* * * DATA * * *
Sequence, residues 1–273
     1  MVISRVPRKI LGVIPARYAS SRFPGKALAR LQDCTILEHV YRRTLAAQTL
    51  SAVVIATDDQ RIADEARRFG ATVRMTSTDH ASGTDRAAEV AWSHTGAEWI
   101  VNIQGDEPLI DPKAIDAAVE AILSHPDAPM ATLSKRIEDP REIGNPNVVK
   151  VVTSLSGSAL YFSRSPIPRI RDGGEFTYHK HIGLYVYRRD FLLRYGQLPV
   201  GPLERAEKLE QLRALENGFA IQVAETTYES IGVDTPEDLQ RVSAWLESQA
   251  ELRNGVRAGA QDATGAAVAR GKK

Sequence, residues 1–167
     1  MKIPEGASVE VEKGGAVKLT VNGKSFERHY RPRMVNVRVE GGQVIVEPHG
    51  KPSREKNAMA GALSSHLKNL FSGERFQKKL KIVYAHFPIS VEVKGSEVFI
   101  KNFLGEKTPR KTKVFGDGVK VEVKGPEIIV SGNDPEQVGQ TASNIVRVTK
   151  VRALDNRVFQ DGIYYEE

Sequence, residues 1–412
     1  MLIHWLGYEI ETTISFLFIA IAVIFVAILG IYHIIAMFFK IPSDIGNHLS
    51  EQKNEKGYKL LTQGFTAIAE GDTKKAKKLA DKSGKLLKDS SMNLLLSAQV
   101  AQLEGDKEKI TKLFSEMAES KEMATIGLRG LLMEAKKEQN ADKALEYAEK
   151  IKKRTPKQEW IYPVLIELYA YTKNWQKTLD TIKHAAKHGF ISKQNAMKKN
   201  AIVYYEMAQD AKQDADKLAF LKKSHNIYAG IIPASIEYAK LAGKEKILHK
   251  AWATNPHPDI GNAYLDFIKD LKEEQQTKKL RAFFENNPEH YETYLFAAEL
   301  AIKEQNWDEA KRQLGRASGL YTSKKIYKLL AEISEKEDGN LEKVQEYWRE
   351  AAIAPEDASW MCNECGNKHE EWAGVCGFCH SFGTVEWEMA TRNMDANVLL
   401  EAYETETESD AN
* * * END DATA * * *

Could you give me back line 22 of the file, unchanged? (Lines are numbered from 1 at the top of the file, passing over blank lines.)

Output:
   401  EAYETETESD AN